“Instead of going to three different places to access our property, liability and fleet motor offerings, brokers now only go to two.”

The changes mean products that underpinned the ZCI suite of offerings have been repointed.

Meanwhile, Zurich has this month stopped writing new policies for chauffeur vehicles, and will no longer renew the cover from September.

“Our chauffeur portfolio was sub-scale and was diverting attention and underwriting capability from lines where we know we can compete strongly for market leadership,” Mr Crowley said.

“To be credible in the market, it’s important to be clear and consistent about your appetite and the segments you want to serve, and this decision is entirely aligned to that.”

Agile moves into PI space

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Insurtech Agile Underwriting Services has entered the financial lines market with the introduction of Lloyd’s-backed professional indemnity insurance.

The Sydney-based agency has appointed Clive Davidson as Financial Lines GM to oversee the business.

Mr Davidson has more than 35 years’ industry experience, including as regional manager for financial lines with Arch Underwriting.

“Our strategy is twofold: we aim to give brokers solutions for both commodity and complex [professional indemnity],” Mr Davidson said.

“Relationships and expertise are at the core of our offering, and we aim to provide our partners with systems efficiencies that benefit their business.”

Agile also offers aviation and marine cover and cyber insurance.

McLarens recruits for new Perth office

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Global loss adjuster McLarens has hired Desmond Lee as Executive Loss Adjuster for its new Perth office.

The office is McLarens’ fifth local branch, adding to operations in Brisbane, Melbourne, Newcastle and Sydney.

CHU sets up post-disaster recovery arm

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Strata and community title insurer CHU has established a business unit dedicated to speeding the recovery process for clients after disasters.

CHUAssess will provide on-site approval work to panel builders and make decisions on assessor reports, a role typically taken by claims consultants.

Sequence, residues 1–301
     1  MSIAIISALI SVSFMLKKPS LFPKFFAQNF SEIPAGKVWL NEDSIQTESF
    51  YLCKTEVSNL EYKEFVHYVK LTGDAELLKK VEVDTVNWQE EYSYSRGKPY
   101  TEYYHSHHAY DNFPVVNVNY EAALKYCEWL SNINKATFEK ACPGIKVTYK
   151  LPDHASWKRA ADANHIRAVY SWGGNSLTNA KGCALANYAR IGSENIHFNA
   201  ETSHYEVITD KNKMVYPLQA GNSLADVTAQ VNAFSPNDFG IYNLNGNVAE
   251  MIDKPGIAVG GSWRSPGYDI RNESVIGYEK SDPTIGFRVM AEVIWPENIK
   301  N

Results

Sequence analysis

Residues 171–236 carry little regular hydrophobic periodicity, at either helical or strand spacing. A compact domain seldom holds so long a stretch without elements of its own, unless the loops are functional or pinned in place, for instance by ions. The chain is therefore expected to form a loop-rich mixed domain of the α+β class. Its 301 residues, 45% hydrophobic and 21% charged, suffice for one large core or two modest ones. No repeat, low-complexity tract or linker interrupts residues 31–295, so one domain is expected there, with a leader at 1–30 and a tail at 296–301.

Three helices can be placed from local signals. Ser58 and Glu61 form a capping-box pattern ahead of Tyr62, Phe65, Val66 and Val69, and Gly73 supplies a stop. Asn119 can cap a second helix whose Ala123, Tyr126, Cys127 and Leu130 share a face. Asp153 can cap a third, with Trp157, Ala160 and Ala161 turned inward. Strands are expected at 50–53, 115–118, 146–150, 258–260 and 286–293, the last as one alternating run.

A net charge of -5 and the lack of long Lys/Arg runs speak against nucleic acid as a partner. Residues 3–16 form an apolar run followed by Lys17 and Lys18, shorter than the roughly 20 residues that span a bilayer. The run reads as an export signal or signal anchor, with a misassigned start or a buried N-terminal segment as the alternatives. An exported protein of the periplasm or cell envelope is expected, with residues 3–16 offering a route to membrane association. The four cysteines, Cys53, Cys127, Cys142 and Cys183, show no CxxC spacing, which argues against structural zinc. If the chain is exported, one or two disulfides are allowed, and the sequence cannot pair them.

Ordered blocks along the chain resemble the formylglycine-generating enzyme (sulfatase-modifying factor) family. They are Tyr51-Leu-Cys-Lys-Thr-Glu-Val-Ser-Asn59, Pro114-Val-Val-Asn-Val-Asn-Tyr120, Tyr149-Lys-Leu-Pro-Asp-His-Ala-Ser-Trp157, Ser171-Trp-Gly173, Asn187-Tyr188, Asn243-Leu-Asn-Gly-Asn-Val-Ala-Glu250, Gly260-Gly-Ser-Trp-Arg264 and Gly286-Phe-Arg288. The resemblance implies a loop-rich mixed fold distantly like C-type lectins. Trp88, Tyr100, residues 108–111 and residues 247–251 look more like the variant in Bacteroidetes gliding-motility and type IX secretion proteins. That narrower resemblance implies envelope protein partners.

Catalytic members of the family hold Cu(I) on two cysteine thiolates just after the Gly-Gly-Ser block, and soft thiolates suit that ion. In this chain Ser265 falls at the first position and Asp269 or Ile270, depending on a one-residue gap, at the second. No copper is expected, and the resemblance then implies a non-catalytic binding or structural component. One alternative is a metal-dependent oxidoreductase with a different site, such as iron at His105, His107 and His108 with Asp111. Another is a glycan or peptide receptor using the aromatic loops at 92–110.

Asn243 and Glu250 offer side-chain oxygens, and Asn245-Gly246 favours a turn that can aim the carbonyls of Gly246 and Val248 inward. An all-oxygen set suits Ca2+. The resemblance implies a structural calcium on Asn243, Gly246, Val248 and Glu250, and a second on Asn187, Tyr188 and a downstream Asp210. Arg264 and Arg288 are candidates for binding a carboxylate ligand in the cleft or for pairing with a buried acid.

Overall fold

“The need for speed is vital for strata owners and their tenants when disaster strikes,” Head of Claims Andy Martindale said. “CHU’s goal is to drive good customer experience.

“The decision is made on the spot by a CHU assessor, so the claim is handled by the assessor, not claims consultants, removing another layer in the process.”

The insurer is introducing CHUAssess in NSW this month, with other eastern states to follow.

WTW taps AI to increase customer retention

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Willis Towers Watson has recruited machine learning and artificial intelligence insurance technology group Relativity6 to raise customer retention in Australia.

US-based Relativity6’s automated platform of behavioural listening algorithms analyses various data sources to predict purchasing patterns at individual corporate level.

“Relativity6’s product offerings are a good fit to accomplish our strategic objectives across the organisation, so we are very excited to partner with it, to take full advantage of the data we have accumulated within our core systems in Australia,” GM Affinity and Commercial Australasia Brent Lehmann said.

Nautilus drops anchor in NZ

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Boat specialist Nautilus Insurance has launched in New Zealand, taking its systems and infrastructure across the Tasman to further expand.

Nautilus will offer pleasurecraft insurance across New Zealand, and policy wordings will continue on an all-risks basis.

The business offers insurance to 30,000 boat owners across the region.

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Regulatory & Government

Canberra extends unfair contract terms consultation

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The Federal Government has extended a deadline for submissions on controversial proposals to make insurance subject to unfair contract terms legislation.

Its consultation now has a closing date of August 24, after requests were received for additional time. Submissions on the Treasury paper were initially due by July 27.

The Insurance Council of Australia says the proposed model could have profound implications for insurance contracts and lead to sharp price rises.

“This particular proposal would be detrimental and would lead to perverse outcomes that would actually harm the ability of Australian households and small business to buy insurance,” spokesman Campbell Fuller told

The paper, which includes 32 questions for consultation, follows recommendations from a Senate inquiry into general insurance last year.


ACCC chief Sims warns on corporate misbehaviour

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Australian Competition and Consumer Commission Chairman Rod Sims says companies too often behave badly and regulators must act to reveal and avert actions that harm customers.

“The greater the likelihood that bad behaviour will be exposed and made public, the more companies will do to guard against such behaviours,” he said in a speech in Tasmania.

“A key value of the [Hayne] royal commission has been to expose the poor behaviour of financial institutions to public scrutiny.”

Incentives to maximise shareholder returns too often result in behaviour that causes customers to lose out, he says.

“It is often said that companies succeed by looking after the needs of their customers.

“However, I have been surprised over very many years at the way in which many businesses often do precisely the opposite.

“We have observed firms winning customers through misrepresenting their offers and employing high-pressure selling tactics. In addition to hurting consumers, this type of behaviour hurts rival firms.”